Updated: August 13, 2012 12:06PM
Well, at least the studio didn’t simply hire another actor to replace Matt Damon as super-spy Jason Bourne and start the whole story over again, a la this summer’s earlier reboot, “The Amazing Spider-Man.”
Instead, “Bourne” series head-writer Tony Gilroy (who also wrote and directed the much-admired legal drama “Michael Clayton”) to write and direct this first installment in a hoped-for second series — and he has responded to the challenge by dreaming up an entirely new lead character and moving the story in a direction unimagined in the Robert Ludlum novels.
Even more riskily, Gilroy has chosen to treat this entire first film as a long, elaborate introduction to the proposed new series and attempted to keep us interested by keeping us guessing for a long, long time about what’s going on, who is involved and why — a process that could easily try the patience of action fans accustomed to the more straightforward scenario of the first three films.
That’s not to say there’s no action in “Bourne Legacy.” There’s plenty and most of it is handled with a nice dose of inventiveness, economy of style and suspense. Some may consider this fourth installment a thinking-man’s action movie. Though others are likely to feel that there’s far too much talking going on and cogitation required compared to the screen time devoted to various sorts of mayhem.
“Legacy” opens by tracking a couple of loosely connected plot threads. A bearded man (Jeremy Renner of “The Hurt Locker”) in the wilds of Alaska retrieves a mysterious canister from a mountain stream and nervously tracks a pack of wolves on his trail, while even more nervously tracking his dwindling supply of little green and blue pills.
Meanwhile, somewhere in Washington, intensely annoyed government official Eric Byer (Edward Norton, evidently thinking “enough is enough” after his nice-guy role in “Moonrise Kingdom”) nervously tracks an ever-worsening security breach of mysterious clandestine programs with code names like “Treadstone,” “Blackbriar” and “Operation Outcome.”
Actually, the first two programs should be familiar to attentive “Bourne” fans, but there’s a considerable delay until Byer reveals that Outcome was a secret program that developed additional genetically enhanced super-agents on the Jason Bourne model and that the security breach (arising from events in “Bourne Supremacy”) has devolved to the point where it is necessary to kill off all the Outcome agents and start over fresh.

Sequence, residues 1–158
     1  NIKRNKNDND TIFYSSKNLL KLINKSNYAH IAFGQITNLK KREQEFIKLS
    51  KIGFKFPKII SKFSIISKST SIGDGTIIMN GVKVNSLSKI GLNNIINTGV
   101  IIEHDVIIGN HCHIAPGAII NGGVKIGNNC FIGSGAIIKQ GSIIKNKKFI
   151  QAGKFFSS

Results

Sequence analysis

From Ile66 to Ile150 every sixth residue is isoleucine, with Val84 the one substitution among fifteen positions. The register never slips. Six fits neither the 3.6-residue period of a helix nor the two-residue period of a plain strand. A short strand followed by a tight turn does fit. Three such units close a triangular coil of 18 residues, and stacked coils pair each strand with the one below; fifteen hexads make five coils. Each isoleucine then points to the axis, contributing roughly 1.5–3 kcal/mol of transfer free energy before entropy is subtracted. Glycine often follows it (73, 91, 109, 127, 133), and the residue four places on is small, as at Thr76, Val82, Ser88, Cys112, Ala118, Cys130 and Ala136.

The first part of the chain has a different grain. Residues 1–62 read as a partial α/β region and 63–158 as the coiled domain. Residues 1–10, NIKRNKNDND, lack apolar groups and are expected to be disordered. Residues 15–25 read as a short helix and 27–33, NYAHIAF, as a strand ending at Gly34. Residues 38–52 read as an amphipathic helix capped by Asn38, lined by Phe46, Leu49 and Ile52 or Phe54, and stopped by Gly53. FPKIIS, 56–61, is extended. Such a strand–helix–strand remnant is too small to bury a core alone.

And a considerably longer delay until it becomes clear that Renner, playing the soft-spoken yet dangerous-looking Aaron Cross, is an Outcome agent — and that the little blue and green pills he’s running out of are the source of his extra-ordinary mental and physical abilities (begging the side question: where can I get me some of those?).
Cross soon has something else to worry about, though, after the government tries to kill him and another agent with a missile-firing remote-control drone jet, which he later takes out with nothing but a rifle and an unlucky wolf who gets too close to his quarry.
At that point, “Legacy” shifts into somewhat higher gear as Cross attempts to secure a fresh supply of meds from a laboratory in Manila with the assistance of Dr. Marta Shearing (Rachel Weisz), an Outcome research scientist he rescues/kidnaps after a couple of attempts on her life.
However we still have to wait a very long time to learn who Cross was in the past and whether or not he was happy doing secret government dirty work. At least the answers, when the come, are interesting, including the detail that in his original identity as a common soldier reported killed in Operation Iraqi Freedom, he had such a low IQ (pre-green pill) that he could barely understand what he was getting involved in after recruitment.
There are other interesting details revealed along the way (relieved, as mentioned, by periodic outbreaks of super-violence capped by a spectacular, brilliantly edited motorcycle chase through Manila), such as the information that Cross had developed moral objections to his new career and, particularly, to his commanding officer Byer (who attempts to set him straight by saying “We are morally indefensible and absolutely necessary”).
What Byer means, of course, is that he himself is absolutely necessary. Everyone else, no matter how super-duper, is expendable.